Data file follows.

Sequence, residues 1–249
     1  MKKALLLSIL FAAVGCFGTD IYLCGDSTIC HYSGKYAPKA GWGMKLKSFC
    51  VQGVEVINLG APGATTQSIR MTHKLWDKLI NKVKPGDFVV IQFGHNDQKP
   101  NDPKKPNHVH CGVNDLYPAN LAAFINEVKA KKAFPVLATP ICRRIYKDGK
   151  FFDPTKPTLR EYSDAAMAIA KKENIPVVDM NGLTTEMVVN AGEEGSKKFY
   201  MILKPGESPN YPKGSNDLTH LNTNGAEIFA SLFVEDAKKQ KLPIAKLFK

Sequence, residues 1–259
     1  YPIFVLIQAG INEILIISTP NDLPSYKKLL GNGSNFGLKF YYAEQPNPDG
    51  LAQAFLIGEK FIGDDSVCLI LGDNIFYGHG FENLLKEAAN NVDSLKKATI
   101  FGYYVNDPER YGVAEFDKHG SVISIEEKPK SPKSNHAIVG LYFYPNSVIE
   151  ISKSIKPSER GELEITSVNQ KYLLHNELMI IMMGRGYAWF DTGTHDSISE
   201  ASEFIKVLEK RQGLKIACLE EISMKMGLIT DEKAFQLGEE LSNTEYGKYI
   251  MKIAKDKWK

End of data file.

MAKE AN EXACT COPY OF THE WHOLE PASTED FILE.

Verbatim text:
Sequence, residues 1–249
     1  MKKALLLSIL FAAVGCFGTD IYLCGDSTIC HYSGKYAPKA GWGMKLKSFC
    51  VQGVEVINLG APGATTQSIR MTHKLWDKLI NKVKPGDFVV IQFGHNDQKP
   101  NDPKKPNHVH CGVNDLYPAN LAAFINEVKA KKAFPVLATP ICRRIYKDGK
   151  FFDPTKPTLR EYSDAAMAIA KKENIPVVDM NGLTTEMVVN AGEEGSKKFY
   201  MILKPGESPN YPKGSNDLTH LNTNGAEIFA SLFVEDAKKQ KLPIAKLFK

Sequence, residues 1–259
     1  YPIFVLIQAG INEILIISTP NDLPSYKKLL GNGSNFGLKF YYAEQPNPDG
    51  LAQAFLIGEK FIGDDSVCLI LGDNIFYGHG FENLLKEAAN NVDSLKKATI
   101  FGYYVNDPER YGVAEFDKHG SVISIEEKPK SPKSNHAIVG LYFYPNSVIE
   151  ISKSIKPSER GELEITSVNQ KYLLHNELMI IMMGRGYAWF DTGTHDSISE
   201  ASEFIKVLEK RQGLKIACLE EISMKMGLIT DEKAFQLGEE LSNTEYGKYI
   251  MKIAKDKWK